Jodi Hills

So this is who I am – a writer that paints, a painter that writes…


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Hope chest.

Before I knew what it was, I began filling mine. I had overheard some older cousins and aunts talking about it around my grandmother’s kitchen table. From what I knew of hope, you couldn’t actually see it, nor did I see any physical “chests” within this conversation, so I took it literally, as children often do, and assumed it was my own chest, the chest that housed my heart, and this I thought, was the place to put all the hopes that I could carry.

I walked around the farm that day. And I listened. My grandfather hoped for rain. I put it in my chest. My mother hoped for peace and an appetite. They fit in nicely. It felt exciting to fill my hope chest. I hoped my older cousins would pay attention to me. I smiled and put it in my chest. I felt safe, and almost powerful. And surprisingly, lighter. With everything I put in, I just became lighter. This was the real treasure, I suppose, learning that hope will never weigh you down.

Even when I learned the so-called truth of these hope chests years later, I stuck with my own version. I went to France with almost no belongings. They would have cost a fortune to ship. But what the airlines didn’t know, didn’t weigh, was “my hope chest” — my hope chest that was completely full, bursting even. Loaded with every story, every life event, every day survived, every smile, every dream — every, well, hope really — all still within me. 

And in my hope chest, there are no expiration dates. Everything remains fresh, light, and new. A small cage of ribs protects them easily. They are mine. As long as I’m willing to carry. 

You have one too, you know. Oh, how I encourage you to use it. Fill it. Walk with it daily. And see it for the real and only treasure there is – a heart filled with hope.


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Acts of light.

I just finished watching the movie Power of the Dog on Netflix. The young cowboys of 1925 worked the cattle farms in the shadow of the mountains. I imagine, without maps, or education, they had no idea what, if anything, existed beyond the giant barrier. “What do you suppose it is?” one asked the other, as the sun lit the mountain.

Emily Dickinson lived all her life in the small town of Amherst, Massachusetts. When she died in 1886, her sister Lavinia found a single box that contained hundreds of poems. In all of them, she envisioned worlds far beyond the apparent simplicity of her daily life — looking for acts of light.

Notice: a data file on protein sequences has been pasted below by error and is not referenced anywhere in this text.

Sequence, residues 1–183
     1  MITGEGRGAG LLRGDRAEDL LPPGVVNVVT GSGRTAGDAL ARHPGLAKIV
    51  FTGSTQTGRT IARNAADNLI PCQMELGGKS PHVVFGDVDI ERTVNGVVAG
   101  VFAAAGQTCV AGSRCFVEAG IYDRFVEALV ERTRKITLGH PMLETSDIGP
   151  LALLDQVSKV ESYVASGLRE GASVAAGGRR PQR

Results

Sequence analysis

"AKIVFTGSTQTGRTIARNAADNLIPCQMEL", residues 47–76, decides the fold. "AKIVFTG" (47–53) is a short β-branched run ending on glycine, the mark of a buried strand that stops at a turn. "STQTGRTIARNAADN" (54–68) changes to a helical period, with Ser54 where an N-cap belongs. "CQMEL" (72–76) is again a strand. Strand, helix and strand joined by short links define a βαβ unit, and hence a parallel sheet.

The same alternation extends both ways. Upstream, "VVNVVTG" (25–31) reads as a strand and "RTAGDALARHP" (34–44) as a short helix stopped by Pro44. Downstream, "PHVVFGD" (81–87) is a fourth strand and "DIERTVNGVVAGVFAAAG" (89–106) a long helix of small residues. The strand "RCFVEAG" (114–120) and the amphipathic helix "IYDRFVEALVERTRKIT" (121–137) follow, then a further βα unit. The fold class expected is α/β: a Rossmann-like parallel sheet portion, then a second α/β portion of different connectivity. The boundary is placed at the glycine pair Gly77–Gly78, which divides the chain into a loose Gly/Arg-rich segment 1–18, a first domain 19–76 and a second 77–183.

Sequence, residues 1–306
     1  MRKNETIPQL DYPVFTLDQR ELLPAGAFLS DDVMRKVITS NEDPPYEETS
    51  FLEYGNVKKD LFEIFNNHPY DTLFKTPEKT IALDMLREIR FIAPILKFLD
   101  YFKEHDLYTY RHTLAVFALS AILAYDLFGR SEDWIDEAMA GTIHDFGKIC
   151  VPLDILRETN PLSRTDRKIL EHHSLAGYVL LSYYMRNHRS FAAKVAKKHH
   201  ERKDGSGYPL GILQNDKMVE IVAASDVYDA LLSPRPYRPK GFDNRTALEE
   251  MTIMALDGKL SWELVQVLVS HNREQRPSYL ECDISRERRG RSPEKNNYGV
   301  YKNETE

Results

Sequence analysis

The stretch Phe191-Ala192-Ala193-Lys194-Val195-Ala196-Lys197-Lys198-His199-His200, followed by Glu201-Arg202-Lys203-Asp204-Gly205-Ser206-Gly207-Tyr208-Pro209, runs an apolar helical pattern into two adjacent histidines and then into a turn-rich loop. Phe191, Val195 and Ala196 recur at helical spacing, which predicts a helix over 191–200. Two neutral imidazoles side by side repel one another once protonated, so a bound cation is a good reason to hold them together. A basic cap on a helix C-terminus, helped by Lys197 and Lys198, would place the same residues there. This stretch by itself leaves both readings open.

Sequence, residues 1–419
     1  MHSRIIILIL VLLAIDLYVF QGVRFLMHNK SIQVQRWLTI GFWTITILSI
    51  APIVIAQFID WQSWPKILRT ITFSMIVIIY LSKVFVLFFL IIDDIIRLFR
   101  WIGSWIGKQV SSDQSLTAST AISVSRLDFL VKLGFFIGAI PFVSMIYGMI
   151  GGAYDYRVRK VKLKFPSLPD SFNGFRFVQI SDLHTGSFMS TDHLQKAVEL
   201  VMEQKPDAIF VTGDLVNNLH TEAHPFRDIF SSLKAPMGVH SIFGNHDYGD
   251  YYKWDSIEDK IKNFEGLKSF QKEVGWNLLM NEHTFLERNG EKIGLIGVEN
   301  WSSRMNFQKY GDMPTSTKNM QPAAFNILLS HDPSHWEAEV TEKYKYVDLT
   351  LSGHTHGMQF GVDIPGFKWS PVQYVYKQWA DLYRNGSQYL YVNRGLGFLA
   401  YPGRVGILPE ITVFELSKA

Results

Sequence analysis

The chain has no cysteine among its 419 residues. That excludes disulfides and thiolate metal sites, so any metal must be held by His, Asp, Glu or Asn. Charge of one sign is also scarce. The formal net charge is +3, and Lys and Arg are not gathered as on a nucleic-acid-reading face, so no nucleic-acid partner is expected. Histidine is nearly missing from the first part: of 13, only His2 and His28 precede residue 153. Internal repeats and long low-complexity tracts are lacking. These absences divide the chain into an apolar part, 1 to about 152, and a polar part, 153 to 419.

I don’t know if it is luck, chance, fate, that gives us our place in the world. We all begin somewhere, at some time. I guess the key is to be forever curious, no matter where we are, what time we are in. We don’t know what lies ahead. But I’d like to believe it will be forever well lit.

So today, I hang the Christmas lights. I hang the lights to welcome the songs and the gathering. To welcome the questions and the faith. To welcome the joy of the season, and of the coming year. Forever envisioning the worlds within and beyond my simple life. I welcome the comfort, the warmth, the kindness of simple acts of light.


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Light source.

To create depth in a painting, you have to create shadows. Reveal the imperfections. And the only way to do this is to identify your light source. Where is the light coming from? This can be tricky when you’re first learning. That light seems to be bouncing everywhere, but really it’s just your hands, or your head. With practice, as I suppose with everything, it becomes so much easier. The light hasn’t changed, but your way of seeing it has. It becomes so much more obvious. So much easier to capture on canvas. And it wants to be revealed — the light — it wants to help you create a painting of depth and meaning.


Even as I type this, it becomes so obvious, that the same is true for the heart. It wants to be revealed. Oh, how I have stumbled in the darkness, but I found my way. I have let my heart reveal all my imperfections, but more importantly, all the light!


They say there are only two real sources, love and fear. And that fear can be a powerful one, but today, and everyday, I will grab my brush and my heart, and choose my source — my light…I will choose love.